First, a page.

In Wales, 2003 was also the year with the highest December mortality rate since our data time series began in 2001. Over time, mortality rates in Wales have decreased from 1,470.3 deaths per 100,000 people in December 2003 to a low of 976.3 deaths per 100,000 people in December 2018. Since 2018, the December mortality rate for Wales has increased each year. In December 2020, the mortality rate significantly increased (compared with December 2019) to 1,373.9 deaths per 100,000 people; this increase was seen in both males and females. The December 2020 mortality rate was significantly higher than the mortality rate in every year back to December 2008, and was only significantly lower than December 2003 (the highest December mortality rate in our data time series).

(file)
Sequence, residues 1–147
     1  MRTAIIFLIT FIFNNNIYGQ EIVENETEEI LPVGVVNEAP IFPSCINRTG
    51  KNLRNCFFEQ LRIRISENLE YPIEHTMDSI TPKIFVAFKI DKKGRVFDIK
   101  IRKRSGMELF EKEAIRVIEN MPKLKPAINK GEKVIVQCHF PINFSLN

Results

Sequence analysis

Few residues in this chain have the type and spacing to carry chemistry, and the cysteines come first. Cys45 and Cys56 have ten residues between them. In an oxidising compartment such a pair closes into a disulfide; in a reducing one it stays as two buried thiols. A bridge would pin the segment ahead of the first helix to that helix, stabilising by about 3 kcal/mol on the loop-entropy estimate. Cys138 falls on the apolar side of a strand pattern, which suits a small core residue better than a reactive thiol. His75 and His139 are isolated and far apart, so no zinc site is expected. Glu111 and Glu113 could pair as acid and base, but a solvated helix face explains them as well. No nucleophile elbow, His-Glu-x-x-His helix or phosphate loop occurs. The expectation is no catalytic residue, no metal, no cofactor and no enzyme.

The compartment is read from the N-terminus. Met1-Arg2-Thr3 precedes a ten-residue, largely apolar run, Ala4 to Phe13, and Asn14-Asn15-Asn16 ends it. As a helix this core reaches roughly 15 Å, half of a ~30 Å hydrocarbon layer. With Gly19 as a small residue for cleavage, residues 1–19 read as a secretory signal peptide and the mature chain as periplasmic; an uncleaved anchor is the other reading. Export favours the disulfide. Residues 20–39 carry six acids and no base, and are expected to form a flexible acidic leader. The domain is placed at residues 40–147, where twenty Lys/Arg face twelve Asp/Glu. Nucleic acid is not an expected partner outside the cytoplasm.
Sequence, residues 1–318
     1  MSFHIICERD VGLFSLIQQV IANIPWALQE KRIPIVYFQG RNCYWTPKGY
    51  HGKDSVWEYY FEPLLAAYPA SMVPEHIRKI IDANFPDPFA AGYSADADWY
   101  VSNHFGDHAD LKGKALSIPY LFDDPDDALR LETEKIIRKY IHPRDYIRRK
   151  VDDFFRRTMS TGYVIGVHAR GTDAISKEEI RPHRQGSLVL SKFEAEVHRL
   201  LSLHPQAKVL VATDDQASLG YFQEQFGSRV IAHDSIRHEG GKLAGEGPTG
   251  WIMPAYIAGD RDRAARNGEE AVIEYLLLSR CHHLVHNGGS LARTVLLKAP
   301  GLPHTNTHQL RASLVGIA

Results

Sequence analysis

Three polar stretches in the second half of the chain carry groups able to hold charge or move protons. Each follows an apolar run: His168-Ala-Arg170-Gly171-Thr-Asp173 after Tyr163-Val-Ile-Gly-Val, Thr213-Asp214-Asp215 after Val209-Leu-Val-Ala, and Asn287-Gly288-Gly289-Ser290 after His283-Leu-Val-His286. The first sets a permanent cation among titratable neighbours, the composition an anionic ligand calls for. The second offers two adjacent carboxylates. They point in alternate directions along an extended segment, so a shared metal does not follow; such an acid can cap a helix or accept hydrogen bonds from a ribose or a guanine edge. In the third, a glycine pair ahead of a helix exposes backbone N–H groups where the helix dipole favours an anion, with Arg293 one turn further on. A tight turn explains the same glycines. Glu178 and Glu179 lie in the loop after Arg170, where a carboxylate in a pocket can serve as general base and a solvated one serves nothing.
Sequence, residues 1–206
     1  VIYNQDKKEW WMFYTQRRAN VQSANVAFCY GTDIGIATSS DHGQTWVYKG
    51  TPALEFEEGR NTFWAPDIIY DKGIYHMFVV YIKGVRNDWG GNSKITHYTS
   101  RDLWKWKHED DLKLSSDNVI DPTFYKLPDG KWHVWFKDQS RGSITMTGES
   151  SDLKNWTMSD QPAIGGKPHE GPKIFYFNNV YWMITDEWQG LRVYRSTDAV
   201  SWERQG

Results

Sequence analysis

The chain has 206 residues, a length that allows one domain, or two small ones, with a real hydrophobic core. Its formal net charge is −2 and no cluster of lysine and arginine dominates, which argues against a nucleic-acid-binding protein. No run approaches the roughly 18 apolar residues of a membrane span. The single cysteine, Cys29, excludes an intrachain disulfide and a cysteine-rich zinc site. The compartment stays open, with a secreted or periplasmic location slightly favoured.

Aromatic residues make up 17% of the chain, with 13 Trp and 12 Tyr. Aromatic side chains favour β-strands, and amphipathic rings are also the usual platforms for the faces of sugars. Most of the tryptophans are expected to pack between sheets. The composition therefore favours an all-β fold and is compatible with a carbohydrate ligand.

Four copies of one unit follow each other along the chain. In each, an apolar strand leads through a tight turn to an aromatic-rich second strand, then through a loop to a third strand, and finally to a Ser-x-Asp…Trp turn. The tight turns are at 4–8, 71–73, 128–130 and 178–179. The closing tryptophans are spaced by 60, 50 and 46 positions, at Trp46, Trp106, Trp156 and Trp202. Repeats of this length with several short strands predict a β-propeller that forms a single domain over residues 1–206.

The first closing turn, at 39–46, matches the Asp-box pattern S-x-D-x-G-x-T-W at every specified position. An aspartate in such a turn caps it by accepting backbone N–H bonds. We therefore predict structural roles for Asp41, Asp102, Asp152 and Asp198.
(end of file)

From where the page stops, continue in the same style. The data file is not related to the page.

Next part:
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3. Deaths due to COVID-19 registered in December 2020

The doctor certifying a death can list all causes in the chain of events that led to the death and pre-existing conditions that may have contributed to the death. Using this information, we determine an underlying cause of death. More information on this process can be found in our user guide. In most cases (90.2% in England and 88.2% in Wales) where the coronavirus (COVID-19) was mentioned on the death certificate, it was found to be the underlying cause of death. For more information on our definition of COVID-19 deaths, see Section 10: Measuring the data.